Stephen Covey asserts in his The 7 Habits of Highly Effective People[3]that most of our listening is about responding instead of understanding. I know this is often true of me. In ministry I know that when people are struggling, rarely will a verbal response make a difference but feeling connected to another human makes a difference every time. And yet is is a challenge to practice.

Partly I write on this subject this week because I have struggled to use my empathy strength at home. Many people over the years have benefited from it at church. But there is a deepening desire in me that those I live most closely with would get my best. I do not just want to exhort and teach my knowledge to my daughter (although I really believe I have a few helpful things to share :). I want to understand her better. I want to convince her of how I am on the journey with her, cheering her on. I am painfully learning that all my preaching and teaching, while well-intentioned, shuts the connection process down with her. Covey says that “When you show deep empathy toward others, their defensive energy goes down, and positive energy replaces it. That’s when you can get more creative in solving problems.”[4]

I was genuinely and personally served by this book because Rowntree has become a student of students. Over and over again he proved his care by asking questions and using the guided reflection format. He asks ‘What do you think?’ ‘Do you agree?’ and ‘Does that make sense?’ And the quotes from students shows that he has listened over and over again to students throughout the years. And he cares enough about what they have to say to include their words throughout the book he is writing. It is clear their words and experiences have shaped his material. How wise.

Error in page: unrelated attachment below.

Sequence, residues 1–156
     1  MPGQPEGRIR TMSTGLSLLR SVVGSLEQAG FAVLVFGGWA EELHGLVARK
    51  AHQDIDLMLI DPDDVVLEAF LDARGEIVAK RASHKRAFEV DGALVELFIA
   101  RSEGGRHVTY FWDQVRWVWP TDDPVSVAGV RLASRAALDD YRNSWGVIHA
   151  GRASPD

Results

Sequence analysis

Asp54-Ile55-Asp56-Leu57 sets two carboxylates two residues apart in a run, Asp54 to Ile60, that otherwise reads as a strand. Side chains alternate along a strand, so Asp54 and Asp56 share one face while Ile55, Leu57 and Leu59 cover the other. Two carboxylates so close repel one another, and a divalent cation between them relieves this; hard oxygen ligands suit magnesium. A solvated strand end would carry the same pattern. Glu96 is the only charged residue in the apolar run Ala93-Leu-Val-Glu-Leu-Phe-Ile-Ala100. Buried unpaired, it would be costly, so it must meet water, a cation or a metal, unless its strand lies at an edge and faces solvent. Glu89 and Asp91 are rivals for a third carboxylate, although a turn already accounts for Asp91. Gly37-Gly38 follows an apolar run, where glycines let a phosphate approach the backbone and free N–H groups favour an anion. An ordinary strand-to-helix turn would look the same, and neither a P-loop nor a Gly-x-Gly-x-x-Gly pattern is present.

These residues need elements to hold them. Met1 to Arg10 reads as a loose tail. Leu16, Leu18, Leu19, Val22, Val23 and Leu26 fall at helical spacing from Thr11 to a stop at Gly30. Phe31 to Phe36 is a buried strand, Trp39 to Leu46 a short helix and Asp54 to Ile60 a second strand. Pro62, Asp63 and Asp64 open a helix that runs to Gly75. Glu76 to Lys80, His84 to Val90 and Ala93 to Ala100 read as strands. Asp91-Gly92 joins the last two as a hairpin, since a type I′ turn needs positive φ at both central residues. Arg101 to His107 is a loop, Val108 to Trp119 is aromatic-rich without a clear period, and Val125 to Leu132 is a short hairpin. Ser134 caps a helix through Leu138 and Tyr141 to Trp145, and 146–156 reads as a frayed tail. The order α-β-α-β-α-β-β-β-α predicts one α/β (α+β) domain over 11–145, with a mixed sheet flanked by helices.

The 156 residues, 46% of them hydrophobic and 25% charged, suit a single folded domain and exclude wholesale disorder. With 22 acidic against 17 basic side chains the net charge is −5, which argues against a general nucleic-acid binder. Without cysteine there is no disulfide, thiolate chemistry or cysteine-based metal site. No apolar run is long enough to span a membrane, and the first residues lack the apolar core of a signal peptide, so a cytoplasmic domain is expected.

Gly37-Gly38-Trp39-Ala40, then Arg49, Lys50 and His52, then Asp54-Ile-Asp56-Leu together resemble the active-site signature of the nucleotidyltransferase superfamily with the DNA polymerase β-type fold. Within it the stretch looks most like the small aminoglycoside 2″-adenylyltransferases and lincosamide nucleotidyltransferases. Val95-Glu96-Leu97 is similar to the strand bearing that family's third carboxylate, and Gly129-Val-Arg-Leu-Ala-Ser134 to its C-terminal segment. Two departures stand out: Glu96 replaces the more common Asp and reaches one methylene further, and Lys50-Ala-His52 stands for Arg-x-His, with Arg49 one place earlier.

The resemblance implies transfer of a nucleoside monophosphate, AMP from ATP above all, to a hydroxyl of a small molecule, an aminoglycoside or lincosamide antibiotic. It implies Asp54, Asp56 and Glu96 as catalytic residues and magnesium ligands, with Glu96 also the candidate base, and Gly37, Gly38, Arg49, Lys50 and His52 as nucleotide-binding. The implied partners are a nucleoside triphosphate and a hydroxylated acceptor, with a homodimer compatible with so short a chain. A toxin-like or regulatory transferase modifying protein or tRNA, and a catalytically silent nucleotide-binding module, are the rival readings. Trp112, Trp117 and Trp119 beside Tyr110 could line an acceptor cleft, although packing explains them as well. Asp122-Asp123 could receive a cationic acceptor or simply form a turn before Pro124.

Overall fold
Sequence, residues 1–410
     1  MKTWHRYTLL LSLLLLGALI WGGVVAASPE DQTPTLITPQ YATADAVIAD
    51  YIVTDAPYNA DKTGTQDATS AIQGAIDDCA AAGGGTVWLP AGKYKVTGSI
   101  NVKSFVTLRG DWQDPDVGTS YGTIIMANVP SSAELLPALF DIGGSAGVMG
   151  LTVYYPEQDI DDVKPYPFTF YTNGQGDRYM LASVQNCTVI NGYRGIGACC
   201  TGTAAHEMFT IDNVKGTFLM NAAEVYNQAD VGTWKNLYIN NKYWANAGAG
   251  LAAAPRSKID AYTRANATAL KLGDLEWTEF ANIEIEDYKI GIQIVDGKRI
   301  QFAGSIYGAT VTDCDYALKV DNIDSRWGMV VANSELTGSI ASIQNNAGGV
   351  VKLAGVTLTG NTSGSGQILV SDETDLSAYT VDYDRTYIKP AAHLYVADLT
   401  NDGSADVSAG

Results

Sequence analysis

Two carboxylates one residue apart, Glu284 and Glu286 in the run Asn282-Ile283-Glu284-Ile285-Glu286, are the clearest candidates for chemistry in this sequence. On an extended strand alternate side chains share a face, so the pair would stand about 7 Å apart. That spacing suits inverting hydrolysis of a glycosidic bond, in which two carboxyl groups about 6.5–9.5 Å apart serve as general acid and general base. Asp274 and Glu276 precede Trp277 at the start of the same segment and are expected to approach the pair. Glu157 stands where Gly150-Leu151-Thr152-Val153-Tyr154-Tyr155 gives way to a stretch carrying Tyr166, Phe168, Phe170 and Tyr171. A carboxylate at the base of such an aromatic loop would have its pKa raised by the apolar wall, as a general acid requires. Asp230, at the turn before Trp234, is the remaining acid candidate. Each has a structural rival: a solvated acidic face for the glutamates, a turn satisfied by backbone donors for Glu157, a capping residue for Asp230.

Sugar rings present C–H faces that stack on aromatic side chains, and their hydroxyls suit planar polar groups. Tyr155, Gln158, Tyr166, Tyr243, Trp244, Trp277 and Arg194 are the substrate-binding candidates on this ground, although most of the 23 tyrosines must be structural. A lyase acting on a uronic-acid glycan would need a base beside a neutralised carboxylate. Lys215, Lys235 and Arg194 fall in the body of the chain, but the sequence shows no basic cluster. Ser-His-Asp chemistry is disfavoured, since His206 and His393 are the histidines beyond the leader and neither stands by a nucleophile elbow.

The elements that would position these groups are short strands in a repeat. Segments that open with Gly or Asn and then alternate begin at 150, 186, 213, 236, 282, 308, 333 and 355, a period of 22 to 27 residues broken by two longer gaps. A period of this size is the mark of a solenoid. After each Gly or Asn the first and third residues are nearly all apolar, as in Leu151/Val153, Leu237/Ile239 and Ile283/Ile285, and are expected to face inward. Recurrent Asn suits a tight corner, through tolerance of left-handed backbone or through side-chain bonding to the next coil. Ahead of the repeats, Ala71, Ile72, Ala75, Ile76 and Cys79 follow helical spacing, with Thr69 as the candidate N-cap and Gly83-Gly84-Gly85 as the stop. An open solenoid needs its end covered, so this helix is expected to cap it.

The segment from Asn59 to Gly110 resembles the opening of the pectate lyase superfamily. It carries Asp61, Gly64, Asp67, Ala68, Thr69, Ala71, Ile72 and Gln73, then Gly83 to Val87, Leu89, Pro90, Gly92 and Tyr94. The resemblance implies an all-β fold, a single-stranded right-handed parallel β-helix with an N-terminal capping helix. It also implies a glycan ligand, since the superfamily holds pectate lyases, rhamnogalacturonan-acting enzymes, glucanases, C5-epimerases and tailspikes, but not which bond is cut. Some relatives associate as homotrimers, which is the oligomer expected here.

I am going to go practice some empathic listening now.


[1]Derek Rowntree, Learn How to Study: Developing the Study Skills and Approaches to Learning That Will Help You Succeed in University — a Virtual Tutorial With Professor Derek Rowntree, 6 ed. (Amazon Digital Services : Kindle Edition, 2016).


[3]Covey, Stephen R. The 7 Habits of Highly Effective People: Restoring the Character Ethic. [Rev. ed.]. New York: Free Press, 2004.

[4]Covey, Stephen R. The 7 Habits of Highly Effective People: Restoring the Character Ethic. [Rev. ed.].

About the Author

Andrea Lathrop